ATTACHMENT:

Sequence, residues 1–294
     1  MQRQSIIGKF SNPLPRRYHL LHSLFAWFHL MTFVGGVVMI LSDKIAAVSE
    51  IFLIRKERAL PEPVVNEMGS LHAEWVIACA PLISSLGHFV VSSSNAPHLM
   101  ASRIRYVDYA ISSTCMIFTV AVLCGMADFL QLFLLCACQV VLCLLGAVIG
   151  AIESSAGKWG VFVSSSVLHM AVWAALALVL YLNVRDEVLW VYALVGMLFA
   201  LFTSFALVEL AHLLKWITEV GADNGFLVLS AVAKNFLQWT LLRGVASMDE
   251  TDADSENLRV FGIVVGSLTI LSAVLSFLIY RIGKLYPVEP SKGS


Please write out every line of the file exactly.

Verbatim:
Sequence, residues 1–294
     1  MQRQSIIGKF SNPLPRRYHL LHSLFAWFHL MTFVGGVVMI LSDKIAAVSE
    51  IFLIRKERAL PEPVVNEMGS LHAEWVIACA PLISSLGHFV VSSSNAPHLM
   101  ASRIRYVDYA ISSTCMIFTV AVLCGMADFL QLFLLCACQV VLCLLGAVIG
   151  AIESSAGKWG VFVSSSVLHM AVWAALALVL YLNVRDEVLW VYALVGMLFA
   201  LFTSFALVEL AHLLKWITEV GADNGFLVLS AVAKNFLQWT LLRGVASMDE
   251  TDADSENLRV FGIVVGSLTI LSAVLSFLIY RIGKLYPVEP SKGS